On 20 October, on the margins of the seventy-first session of the General Assembly the UN Office of Disarmament Affairs held a side event commemorating the twenty-fifth anniversary of the United Nations Register of Conventional Arms (UNROCA).
The United Nations Register of Conventional Arms was established by the General Assembly in 1991, to serve as an annual reporting mechanism through which Member States can report their arms transfers.
Entitled “25 Years of UNROCA: How transparent is the arms trade?” the event featured an expert panel discussion and a video message by United Nations Messenger of Peace Michael Douglas.
Ms. Sachi Claringbould, representing the Government of the Netherlands said that the latest Group of Governmental Experts (GGEs), which concluded its work in 2016, recommended adding small arms and light weapons (SALW) in a 7 + 1 formula, on a trial basis, as well as adding unmanned aerial vehicles to category IV. Providing nil report was also to be promoted in an effort to increase reporting.
Ms. Claringbould also said that the Register can greatly contribute to peace and security as well as to promoting transparency and trust. Confidence Building Measures (CBMs) remain key, in light of geopolitical developments, globalization, rapidly evolving weapons technologies, and the changing nature of warfare. The need for showing signs of goodwill becomes all the more important.
Though there is a cause for celebrating 25 years of work, this commemoration, he said, is also a reminder of the work that remains to be done. Having more complete information remains a challenge.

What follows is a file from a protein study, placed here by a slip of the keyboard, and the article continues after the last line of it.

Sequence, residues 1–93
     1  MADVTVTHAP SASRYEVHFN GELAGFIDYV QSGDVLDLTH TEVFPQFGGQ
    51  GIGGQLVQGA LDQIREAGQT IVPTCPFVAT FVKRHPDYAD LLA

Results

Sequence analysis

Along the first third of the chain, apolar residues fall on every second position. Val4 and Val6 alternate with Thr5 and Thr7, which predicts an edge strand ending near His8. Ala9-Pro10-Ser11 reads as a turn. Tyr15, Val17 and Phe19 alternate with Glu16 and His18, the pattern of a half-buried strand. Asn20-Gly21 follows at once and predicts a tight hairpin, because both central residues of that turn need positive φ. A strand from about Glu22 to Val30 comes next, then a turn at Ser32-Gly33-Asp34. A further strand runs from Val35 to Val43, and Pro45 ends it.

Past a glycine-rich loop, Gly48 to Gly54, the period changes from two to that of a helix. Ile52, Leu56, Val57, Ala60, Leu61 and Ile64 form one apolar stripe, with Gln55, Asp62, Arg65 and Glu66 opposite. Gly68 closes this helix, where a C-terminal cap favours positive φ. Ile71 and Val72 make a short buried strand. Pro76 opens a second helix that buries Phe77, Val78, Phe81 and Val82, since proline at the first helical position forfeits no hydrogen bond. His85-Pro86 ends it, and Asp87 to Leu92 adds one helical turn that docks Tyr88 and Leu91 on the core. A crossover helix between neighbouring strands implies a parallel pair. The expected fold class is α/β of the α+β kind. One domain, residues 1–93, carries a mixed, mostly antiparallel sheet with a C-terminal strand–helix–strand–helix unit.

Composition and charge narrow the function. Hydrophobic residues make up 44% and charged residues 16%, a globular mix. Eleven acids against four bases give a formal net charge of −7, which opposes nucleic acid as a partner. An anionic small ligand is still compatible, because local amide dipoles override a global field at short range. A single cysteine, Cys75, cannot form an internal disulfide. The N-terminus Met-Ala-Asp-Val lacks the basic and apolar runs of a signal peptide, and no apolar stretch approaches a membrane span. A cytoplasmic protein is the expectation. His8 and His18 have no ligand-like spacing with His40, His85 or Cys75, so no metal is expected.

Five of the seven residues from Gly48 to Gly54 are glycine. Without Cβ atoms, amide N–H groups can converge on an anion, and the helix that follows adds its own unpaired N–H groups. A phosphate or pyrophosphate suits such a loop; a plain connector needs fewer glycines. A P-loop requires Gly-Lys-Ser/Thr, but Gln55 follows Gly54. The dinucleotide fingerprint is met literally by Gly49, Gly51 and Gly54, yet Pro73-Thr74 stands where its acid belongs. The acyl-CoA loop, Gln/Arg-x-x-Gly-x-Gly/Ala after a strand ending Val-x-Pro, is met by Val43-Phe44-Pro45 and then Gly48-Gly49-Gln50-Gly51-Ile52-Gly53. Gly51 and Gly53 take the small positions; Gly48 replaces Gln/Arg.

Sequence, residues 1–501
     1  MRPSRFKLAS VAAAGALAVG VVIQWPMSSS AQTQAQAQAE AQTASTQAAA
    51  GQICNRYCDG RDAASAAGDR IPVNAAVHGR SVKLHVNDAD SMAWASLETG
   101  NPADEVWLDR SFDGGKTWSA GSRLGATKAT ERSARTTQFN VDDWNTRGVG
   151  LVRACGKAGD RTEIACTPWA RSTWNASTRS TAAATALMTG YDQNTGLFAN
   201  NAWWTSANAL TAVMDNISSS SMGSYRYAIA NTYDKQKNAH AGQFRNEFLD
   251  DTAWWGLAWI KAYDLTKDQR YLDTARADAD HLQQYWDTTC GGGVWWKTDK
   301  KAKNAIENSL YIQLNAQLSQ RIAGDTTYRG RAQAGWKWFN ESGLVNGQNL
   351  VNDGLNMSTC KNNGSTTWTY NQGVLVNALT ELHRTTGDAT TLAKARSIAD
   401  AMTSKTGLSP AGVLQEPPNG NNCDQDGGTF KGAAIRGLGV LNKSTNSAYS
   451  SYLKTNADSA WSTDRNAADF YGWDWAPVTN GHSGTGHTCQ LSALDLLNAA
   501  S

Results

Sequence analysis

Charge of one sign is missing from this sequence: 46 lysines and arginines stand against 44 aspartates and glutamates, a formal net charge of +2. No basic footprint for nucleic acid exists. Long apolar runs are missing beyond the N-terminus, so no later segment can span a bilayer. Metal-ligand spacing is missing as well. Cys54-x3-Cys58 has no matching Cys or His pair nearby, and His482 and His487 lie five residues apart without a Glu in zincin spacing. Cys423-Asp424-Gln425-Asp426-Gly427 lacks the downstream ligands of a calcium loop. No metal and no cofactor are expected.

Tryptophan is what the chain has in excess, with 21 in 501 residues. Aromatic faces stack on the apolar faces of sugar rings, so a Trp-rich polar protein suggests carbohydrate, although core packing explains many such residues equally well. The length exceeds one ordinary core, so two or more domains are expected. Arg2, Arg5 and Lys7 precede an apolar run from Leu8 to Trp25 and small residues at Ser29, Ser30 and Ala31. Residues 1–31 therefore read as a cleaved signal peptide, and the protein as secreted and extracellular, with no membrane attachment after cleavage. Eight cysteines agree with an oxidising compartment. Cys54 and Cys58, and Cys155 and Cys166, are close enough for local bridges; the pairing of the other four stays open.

H.E. Mr. Roberto Garcia Moritan of Argentina, Chair of the 2003, 2006 and 2009 GGEs on UNROCA said much work still remains to be done in the next phase of the Register as conventional weapons make up 80 per cent of global military expenditures and world trade. Conventional weapons are regarded as legitimate means to exercise self-defense, and serve as a tacit quid pro quo with prohibiting mass destruction – making transparency in the arms trade the only means of limiting conventional weapons. The main achievement in 25 years of UNROCA has been the normalization of States publicly reporting their imports and exports of arms. UNROCA records now account for the bulk of arms trade: almost all significant suppliers and recipients voluntarily make reports. As a result, it is estimated that well over 90 per cent of the world’s international transfers of conventional arms are reported to the Register. And over the years, 170 Member States have reported at least once to the Register.
Addressing the trend of diminished reporting, H.E. Mr. Paul Beijer of Sweden, Chair of the 2016 GGE on UNROCA, said that a growth in participation should be a goal in and of itself in order to promote the “bandwagon effect” whereby States feel compelled to participate because others are. Quality of reporting is also an important aspect. More emphasis should also be placed on procurement from national production, as it would correct the inherent imbalance of reports between countries that produce weapons and those who do not.
Rachel Stohl, Senior Associate at Stimson Center said that the Register is an important tool for researchers. Official information provided by Governments has changed the way information on arms trade is viewed – it has allowed such data to be seen and analyzed. It has been incredibly useful information that civil society can question, and hold governments accountable for. The omission of SALW is a significant setback, however, with implications on the Register as it means that it cannot represent the majority of weapons traded today. It has also diminished support for the Register among States that believe that it is not relevant for them.
Text by Jihan Abdalla